It's that old conundrum - if the Devil himself were to pop up and offer you a bit of help with your earthly problems, would you really want it?
Is it really the Devil himself? Well, he doesn't stand there with pointed ears and cloven hoof, not in this story anyway. He's a voice inside Stevie's head, the voice of temptation.
Stevie has been bullied, as you will discover when you read this story. He has been bullied so badly that he has moved school, to make a fresh start. But still his relationships with the other boys in his group are soured by his previous experiences:
I liked Matt right from the start, but even on that first day Daniel would take him by the elbow and say things I couldn't quite hear; and already it was as if I was a bit of an outsider. But Daniel was just so cool, and Matt was just so nice; and so I hung around, like a spare part, until in the end, after weeks and weeks, Daniel said that if I wanted to be part of their gang then I'd have to pass a test. And he looked right inside me and saw that I didn't like fire; and so he said that I had to set fire to the bin in the library.
He's in danger of becoming a victim again, isn't he? Once you know why Stevie doesn't like fire you will begin to understand how hard he is going to have to work to make himself light that fire in the library wastebin.
Away on holiday for a few days with his unappealing family, Stevie finds a devil's toenail. It's just lurking there in the sand waiting for Stevie to pick it up:
OK, it wasn't really one of the devil's toenails: OK, it was just the fossil of a shellfish; but - well, Stonehenge is only a few lumps of stone, but it's still got this dark power, hasn't it?
Stevie needs all the help he can get. But is dark power really what he needs, and wants? Obviously, it's tempting ... but perhaps there is an alternative? The thing is, Stevie needs to work out for himself what the cost will be to him, for the Devil's help.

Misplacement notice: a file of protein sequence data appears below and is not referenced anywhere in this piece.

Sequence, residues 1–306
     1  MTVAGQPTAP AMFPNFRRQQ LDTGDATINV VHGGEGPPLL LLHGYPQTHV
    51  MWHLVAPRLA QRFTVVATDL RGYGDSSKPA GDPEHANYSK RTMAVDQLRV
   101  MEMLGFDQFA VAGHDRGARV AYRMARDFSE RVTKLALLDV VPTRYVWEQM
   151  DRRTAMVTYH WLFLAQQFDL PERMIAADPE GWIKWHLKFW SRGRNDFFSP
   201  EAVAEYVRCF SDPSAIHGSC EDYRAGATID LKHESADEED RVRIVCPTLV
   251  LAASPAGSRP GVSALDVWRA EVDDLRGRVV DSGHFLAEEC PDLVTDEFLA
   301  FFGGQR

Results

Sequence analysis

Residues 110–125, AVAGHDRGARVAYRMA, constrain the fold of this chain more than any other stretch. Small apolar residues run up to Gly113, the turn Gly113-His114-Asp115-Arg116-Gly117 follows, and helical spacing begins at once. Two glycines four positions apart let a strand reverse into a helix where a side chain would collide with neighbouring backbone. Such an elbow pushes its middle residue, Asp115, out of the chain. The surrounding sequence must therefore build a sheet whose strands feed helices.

This is one of those books that slips from reality into fantasy, and you never quite see the join. What's real is the temptation to be the hardest one in the gang. After all, you can't be a victim if you are busy being a bully. I think you will find this story stays with you long after you finish reading it. Read it and see for yourself.
Soph, girl, age 17, from Spain, on 17th June 2007. Rating: 10/10
This book immeidiatly caught my attention, its one of the best books i have read, you get into a sort of trance while reading and cant put it down. I fully recommend you buy this book if you are into a kind of dark setting and atomosphere.
David, boy, age 12, from millburn, United States, on 5th June 2006. Rating: 9/10
its awsome, be more awsome if they made a movie out of it but still cool
Anna, girl, age 13, from San Jose, United States, on 27th November 2005. Rating: 8/10
I thought the book was very intriguing. especially when she puts characters that seem superior to others, victims, and bystanders in the story. she described how stevie could have turned bad, especially when he was so hurt in the first place: with an embrassing family, being burn and bullied at an old school . but i didn't get the ending of the story ! did daniel die ? or was he injuried ? what happened to him ?!
If you want to buy The Devil's Toenail by Sally Prue and help readingmatters, please use these links
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Sally Prue writes lovely, thoughtful stories. Have a look at these:
If the slightly sinister quality of The Devil's Toenail appeals to you, I think you might also enjoy this one by Tim Bowler:
Or this one by Nicola Morgan:
Of course, if you like to drift about between reality and fantasy, you might like to look at anything by David Almond:
Have you heard of Faust? Or Doctor Faustus? He was a German necromancer and astrologer who apparently sold his soul to the Devil in exchange for knowledge and power. They are adult books, but here are three very famous interpretations of the legend:
Finally, I know someone else who sold his soul to the Devil. See how lightly Philip Pullman tells this story: